Only one available
If you had requested notification when a sinking bracelet came up before,
I would have good news for you
A rare find from a local man
A local man, named Khan had discovered some rare and small agarwood pieces from Borneo Island. The smallest piece is around the size of the pinky (little or baby finger). And the length of the largest piece is from the tip of the middle finger to the wrist.
All of these pieces are rock-solid hard, and they are hard enough that when Khan dropped them into the water, they sank.
What does it mean?
People believe that when agarwood sinks, it is classified as a high-grade.
This belief is based on physical properties. (there are some exceptions, some agarwood pieces float and they are good stuff too but let's discuss in a different topic)
The majority of agarwood is from the Aquilaria tree. In this nature, healthy Aquilaria wood floats. The wood colour is white, and they are quite soft.
However, something changes when the tree is under attack.
The battle is on. The tree secretes resin (known as agarwood) to protect and heal itself. This process repeated and overtime when the Aquilaria tree secreted enough resin, its hardness increase.
Some trees no longer secrete resin. They stop creating agarwood because it is a peaceful time. No attack, the battle stops
However, in some circumstances, the war is still going because the attackers do not stop. These attackers could be ants, fungi, boring insects, and they are always hungry.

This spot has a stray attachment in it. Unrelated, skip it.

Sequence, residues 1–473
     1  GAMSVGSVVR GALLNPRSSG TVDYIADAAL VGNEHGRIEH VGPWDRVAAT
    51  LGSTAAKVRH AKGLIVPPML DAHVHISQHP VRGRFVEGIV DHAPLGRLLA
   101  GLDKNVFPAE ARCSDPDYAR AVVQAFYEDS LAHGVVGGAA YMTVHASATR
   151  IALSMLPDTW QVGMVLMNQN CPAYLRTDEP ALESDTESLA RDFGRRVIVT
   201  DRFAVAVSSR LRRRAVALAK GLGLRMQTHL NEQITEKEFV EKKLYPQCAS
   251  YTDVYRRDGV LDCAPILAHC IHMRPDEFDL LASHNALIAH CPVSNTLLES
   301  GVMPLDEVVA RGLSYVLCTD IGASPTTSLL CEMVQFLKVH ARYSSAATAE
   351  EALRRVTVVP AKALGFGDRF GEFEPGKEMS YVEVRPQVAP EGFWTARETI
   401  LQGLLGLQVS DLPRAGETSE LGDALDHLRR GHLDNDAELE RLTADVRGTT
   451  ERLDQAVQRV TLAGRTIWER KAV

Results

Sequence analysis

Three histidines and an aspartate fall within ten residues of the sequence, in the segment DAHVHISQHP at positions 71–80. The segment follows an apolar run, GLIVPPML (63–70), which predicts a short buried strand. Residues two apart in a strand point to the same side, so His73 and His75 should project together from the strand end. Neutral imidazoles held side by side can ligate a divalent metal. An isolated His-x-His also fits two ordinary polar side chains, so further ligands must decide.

These attackers could deform the tree creating a unique look.
Malaysian Wood Scientists, Dr Kang showed the deformed agarwood image.
To fight back, the Aquilaria sends more of its "warriors" (agarwood) to fight. It means more resin created during this battle.
During this battle, the Aquilaria wood transformed into agarwood. And when there is enough resin, the wood is denser than the water, it sinks.
What makes "sinking agarwood"?
Usually, Agarwood floats (López-Sampson, A., Page, T, 2018)
"The first Japanese written record of agarwood was also reported in the Nihongi when, in 595 C.E., a large piece of agarwood drifted ashore on the island of Awaji. The islanders noticed in wonder that it produced a strong fragrance when used as firewood, and later presented an unburnt piece to Empress Suiko (Aston 1896)"
But what makes it "sunken"?
I am not a scientist, but I completed the middle school program. In middle school, there was a lesson about water density.
Water Density is the weight of the water per its volume. And it is approximately 1g/ml.
But that what the textbook said, how about we verify it.
I used a pipet to get 1ml of water.
This is what a 1ml of water look like
I weighted an empty glass bottle, and it was 3g.
Now I weighted the one contained water: 4g
An empty glass bottle weighted 3g.
A glass bottle contained 1ml of water weighted 4g.
It means when you take 1ml of water and put it on the scale; it weighs 1g.
And this is the magic number to determine if it sinks or floats when contacting with water.
If an object is denser than water, it will sink.
If an object is lesser than water, it will float.
Let's see some real-life application: